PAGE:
Komatsu unveils a line-up of sustainable mining machines
To meet sustainability goals, mining businesses must make some serious changes to the way they operate. Thanks to Komatsu, there is hope for many more developments in sustainable mining machinery for processes like haulage, loading, excavating and underground mining. MINExpo 2021 revealed some of the greatest mining machinery triumphs that are suitable for various applications within the industry.
Electrifying mining haulage
Komatsu is currently in the process of testing various power sources for emissions reduction across its range. Driven by targets—set by the GHG alliance—Komatsu is advancing its haulage solutions with a vehicle that is capable of utilising diesel-electric, electric, trolley (wired electric), battery power and hydrogen fuel cell technology. Komatsu has envisioned a future product portfolio of agnostic haulage vehicles, which will act as a comprehensive solution for customers.
Developing switched reluctance technology
A pioneered technology by the company could cause significant changes in the industry. The switched reluctance (SR) technology captures energy through braking power and the slowing of the vehicle. This technology is also installed in the company’s WE1850 Gen 3 wheel loader—also displayed at MINExpo last month.
This product and a few others in Komatsu’s product line leverage a Kinetic Energy Storage Systems (KESS), adding to the sustainability benefits of its machines. The combination of SR and KESS is expected to provide a 45% fuel reduction, reduce carbon emissions by 35% and the total operation costs by 10 - 15%.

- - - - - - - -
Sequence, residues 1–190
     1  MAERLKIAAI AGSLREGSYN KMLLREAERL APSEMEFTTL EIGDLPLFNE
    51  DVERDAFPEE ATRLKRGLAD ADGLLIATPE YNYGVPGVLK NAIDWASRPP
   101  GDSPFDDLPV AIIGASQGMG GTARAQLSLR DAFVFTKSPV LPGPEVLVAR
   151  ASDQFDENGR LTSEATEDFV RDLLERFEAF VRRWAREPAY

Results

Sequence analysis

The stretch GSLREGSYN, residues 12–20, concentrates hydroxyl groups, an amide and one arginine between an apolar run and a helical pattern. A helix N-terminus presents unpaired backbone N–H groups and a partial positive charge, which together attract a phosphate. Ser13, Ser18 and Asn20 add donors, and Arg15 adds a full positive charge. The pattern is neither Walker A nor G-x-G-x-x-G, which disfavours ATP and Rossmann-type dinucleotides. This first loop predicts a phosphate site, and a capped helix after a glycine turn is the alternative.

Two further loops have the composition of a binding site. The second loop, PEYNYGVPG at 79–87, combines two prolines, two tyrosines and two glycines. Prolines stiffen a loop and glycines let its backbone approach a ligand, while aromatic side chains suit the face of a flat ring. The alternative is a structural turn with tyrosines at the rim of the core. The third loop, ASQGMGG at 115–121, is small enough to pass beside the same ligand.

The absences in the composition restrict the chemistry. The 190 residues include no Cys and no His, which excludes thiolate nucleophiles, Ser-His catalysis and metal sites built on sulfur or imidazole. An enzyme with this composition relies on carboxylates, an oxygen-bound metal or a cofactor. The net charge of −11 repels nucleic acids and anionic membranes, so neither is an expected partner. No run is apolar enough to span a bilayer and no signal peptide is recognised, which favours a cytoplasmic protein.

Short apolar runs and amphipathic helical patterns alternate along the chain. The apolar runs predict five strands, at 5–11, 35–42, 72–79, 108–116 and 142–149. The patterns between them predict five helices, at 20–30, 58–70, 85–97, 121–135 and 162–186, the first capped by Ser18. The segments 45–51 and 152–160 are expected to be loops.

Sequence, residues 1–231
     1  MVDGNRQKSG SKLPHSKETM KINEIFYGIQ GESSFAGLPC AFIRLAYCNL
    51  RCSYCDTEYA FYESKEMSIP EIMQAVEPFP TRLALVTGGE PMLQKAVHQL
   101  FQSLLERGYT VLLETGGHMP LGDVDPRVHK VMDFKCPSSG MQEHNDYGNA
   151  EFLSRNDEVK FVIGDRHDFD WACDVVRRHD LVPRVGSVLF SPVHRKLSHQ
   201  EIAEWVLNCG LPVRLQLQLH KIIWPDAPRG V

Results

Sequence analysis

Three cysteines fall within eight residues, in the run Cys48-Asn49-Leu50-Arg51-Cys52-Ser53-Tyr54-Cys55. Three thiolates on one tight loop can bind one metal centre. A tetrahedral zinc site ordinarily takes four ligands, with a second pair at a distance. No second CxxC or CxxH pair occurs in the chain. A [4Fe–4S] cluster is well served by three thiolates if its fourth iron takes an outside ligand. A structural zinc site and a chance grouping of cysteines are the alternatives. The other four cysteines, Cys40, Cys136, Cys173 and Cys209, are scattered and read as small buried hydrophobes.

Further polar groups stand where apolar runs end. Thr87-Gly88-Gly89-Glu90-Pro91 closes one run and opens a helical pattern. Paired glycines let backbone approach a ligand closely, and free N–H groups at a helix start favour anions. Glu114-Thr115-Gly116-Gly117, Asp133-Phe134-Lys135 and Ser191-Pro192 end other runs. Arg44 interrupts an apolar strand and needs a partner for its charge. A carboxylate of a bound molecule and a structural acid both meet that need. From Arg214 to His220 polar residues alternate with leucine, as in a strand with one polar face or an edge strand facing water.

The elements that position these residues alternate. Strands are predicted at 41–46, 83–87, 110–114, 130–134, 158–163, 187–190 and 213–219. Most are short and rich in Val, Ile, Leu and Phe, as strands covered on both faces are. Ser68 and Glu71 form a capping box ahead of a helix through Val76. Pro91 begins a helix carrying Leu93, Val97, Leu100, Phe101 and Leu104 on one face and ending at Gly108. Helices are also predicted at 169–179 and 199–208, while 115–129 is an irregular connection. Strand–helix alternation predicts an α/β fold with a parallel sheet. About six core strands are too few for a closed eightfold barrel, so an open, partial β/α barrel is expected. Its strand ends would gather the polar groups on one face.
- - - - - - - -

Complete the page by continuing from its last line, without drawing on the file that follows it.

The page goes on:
Underground mining applications
The company is no stranger to underground mining machinery. With over 50 years of experience developing underground machines, it now holds a solution to make the process more responsible. The next generation of the machine is the BH-18A, a battery haulier that is powered by new lithium-ion battery technology. The machine is capable of reaching 136,000ft (41,453-metres) per full charge, compared to 115,000ft (35,052-metres) for lead-acid.
There are currently further developments underway, at Komatsu, to build drilling and bolting machines, which leverage a combination of battery and electric power. These developments could potentially eliminate the need for diesel fuel in underground hard rock mining.
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